I recently hit A-list status on Southwest.
Which means, well, absolutely nothing.
When the packet of info came in the mail announcing my new status, I kept flipping through the brochure looking for the benefits. “I already check in early, so A-status check in isn’t special. But surely there’s something?” I thought. Nope. There is nothing.
There’s no special club at the airport that smells like lavender.
There’s no first class for you to sit in.
There’s no diamond, platinum or gold package you earn.
You get to receive 25% more miles every time you fly. And you can apply those miles to … nothing.
I’m fine with that, though, because that’s what I love about Southwest. They’re cheap. They’re low priced. They give you great service and very little else. It wouldn’t make sense for them to be low priced and have some blinged out rewards programs.
I get it. I do. But my oldest daughter L.E. didn’t. A few weeks ago, we flew out to Las Vegas for a speaking engagement. On the flight home she asked me, “Will we get a meal on this plane?” In a classic father/daughter moment, I turned to her slowly and said, “L.E., let me tell you a little about Southwest.”
We’re getting peanuts. If all goes well, the peanuts will have a light glaze of honey roast. But it’s just going to be peanuts. And that’s OK.
During the four hour flight home, I answered a lot of other questions for L.E. She’s 8, and 8 year olds are full of questions. That’s kind of what they do. And in the middle of the flight, looking at L.E., I thought of one of my own:
“Why did Christ say we needed receive the kingdom of God like a little child?”
Have you ever thought about that? We often talk about “faith like a child,” from verses like Luke 18:17 that says, “I tell you the truth, anyone who will not receive the kingdom of God like a little child will never enter it.” or Matthew 18:4, “Therefore, whoever humbles himself like this child is the greatest in the kingdom of heaven.”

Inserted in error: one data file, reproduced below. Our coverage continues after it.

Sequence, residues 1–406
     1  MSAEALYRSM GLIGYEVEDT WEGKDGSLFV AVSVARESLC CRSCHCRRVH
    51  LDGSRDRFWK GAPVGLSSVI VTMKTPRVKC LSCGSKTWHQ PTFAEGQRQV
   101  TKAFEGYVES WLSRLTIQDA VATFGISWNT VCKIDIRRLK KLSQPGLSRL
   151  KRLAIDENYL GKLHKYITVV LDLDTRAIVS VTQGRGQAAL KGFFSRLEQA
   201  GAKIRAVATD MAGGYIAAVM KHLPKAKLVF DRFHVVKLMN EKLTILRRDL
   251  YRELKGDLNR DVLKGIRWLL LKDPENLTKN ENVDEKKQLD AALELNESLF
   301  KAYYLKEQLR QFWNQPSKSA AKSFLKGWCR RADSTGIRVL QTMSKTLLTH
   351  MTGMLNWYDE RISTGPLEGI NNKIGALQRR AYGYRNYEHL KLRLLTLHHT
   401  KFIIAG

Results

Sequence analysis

Kids are interesting role models though. I guarantee you’ve never been in a meeting at work and someone said, “In order to hit our sales numbers this quarter, we’ve got to have discipline like a child.” No politician has ever said, “If I’m elected, I’ll run the country with wisdom like a child.” No coach has ever said, “In order for us to win Saturday’s game, we need to work hard like a child.”
It’s difficult to find another context in life where being “like a child” is held up as something to emulate. (Except for maybe the arts.)
So why then, of all the examples Christ could have used, are children the example he picked? I’ve heard someone say it’s because kids are dependent and in need of being taken care of, and God takes care of us like that.
But I think there’s an even simpler possibility.
Because kids get grace.
Grace makes sense to kids. They’ve got the imagination and creativity and “anything is possible” attitude that can accept the unbelievable nature of grace. We adults are the ones who have a hard time with it.
We’ve spent 10 or 20 or 30 years learning how “things work.” There are consequences, cause and effect, A+B = C situations. Grace doesn’t fit those.
We get something we don’t deserve. Something we can’t control. Something we can’t earn. Something that makes no sense when you try to break it down logically. So you’re saying that when I make a mess of my life, when I wreck everything in it, that there’s a God who loves me so much that he sent his only son to die for me so that I could repent and be forgiven?
But not to kids.
McRae, my youngest daughter, reminded me of this a few months ago.
While we were leaving Chuck-e-Cheese, the only place she ever picks for our daddy/daughter dates, we heard a police siren. Into the dark fall night the blue lights of a cop car sped by. In the backseat, I heard McRae sigh and say,
“Ohhhh, I love that sound.”
That’s a strange thing for a six year old to say, so I asked her why. Without missing a beat she said, “Because that’s the sound of someone getting rescued.”
Have you ever thought that?
I haven’t. When I see a cop car with the lights on behind me, my first thought is “Was I speeding? Oh no, he’s coming for me. There’s no way I was going as fast as that other guy. I just kind of ran the red light. He really ran it!” If the cop passes me, I wonder who he’s going to get. I imagine someone has broken the law and is about to be caught.
Kids? They get rescue. They get grace.
And in case I wasn’t paying attention that night, God gave me another example from McRae. One day she told me about a boy in her pre-school class who was really bad last year. (Bad in pre-school usually means you’re a biter.)
In the midst of telling me how bad he was, McRae said,
“He used to wear really soft and fuzzy slippers to school. Even when it wasn’t pajama day. I bet his mom heard how bad he was, and she let him wear those fun slippers because she wanted him to know that no matter how bad he was, she loved him.”
That’s how kids think. If you’re loved, you’re fully loved. If you’re in need of rescue, it’s coming. If you’re bad, you can still come home.
Kids get grace.
I think Christ wants us to get it too.
That’s why I think he wants us to have faith like a child.